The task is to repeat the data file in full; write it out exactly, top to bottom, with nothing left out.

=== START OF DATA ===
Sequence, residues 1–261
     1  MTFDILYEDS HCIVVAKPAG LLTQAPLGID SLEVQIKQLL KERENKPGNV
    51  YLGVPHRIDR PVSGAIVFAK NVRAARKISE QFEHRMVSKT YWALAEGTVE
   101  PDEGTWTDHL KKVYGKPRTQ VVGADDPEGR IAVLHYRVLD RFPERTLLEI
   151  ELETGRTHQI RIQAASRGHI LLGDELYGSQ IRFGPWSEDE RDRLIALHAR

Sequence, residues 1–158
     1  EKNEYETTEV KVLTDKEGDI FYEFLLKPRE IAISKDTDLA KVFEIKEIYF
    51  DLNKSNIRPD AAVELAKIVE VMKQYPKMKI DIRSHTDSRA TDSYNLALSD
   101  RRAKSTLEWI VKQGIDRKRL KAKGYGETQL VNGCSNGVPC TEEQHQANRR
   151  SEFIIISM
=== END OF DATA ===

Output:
Sequence, residues 1–261
     1  MTFDILYEDS HCIVVAKPAG LLTQAPLGID SLEVQIKQLL KERENKPGNV
    51  YLGVPHRIDR PVSGAIVFAK NVRAARKISE QFEHRMVSKT YWALAEGTVE
   101  PDEGTWTDHL KKVYGKPRTQ VVGADDPEGR IAVLHYRVLD RFPERTLLEI
   151  ELETGRTHQI RIQAASRGHI LLGDELYGSQ IRFGPWSEDE RDRLIALHAR

Sequence, residues 1–158
     1  EKNEYETTEV KVLTDKEGDI FYEFLLKPRE IAISKDTDLA KVFEIKEIYF
    51  DLNKSNIRPD AAVELAKIVE VMKQYPKMKI DIRSHTDSRA TDSYNLALSD
   101  RRAKSTLEWI VKQGIDRKRL KAKGYGETQL VNGCSNGVPC TEEQHQANRR
   151  SEFIIISM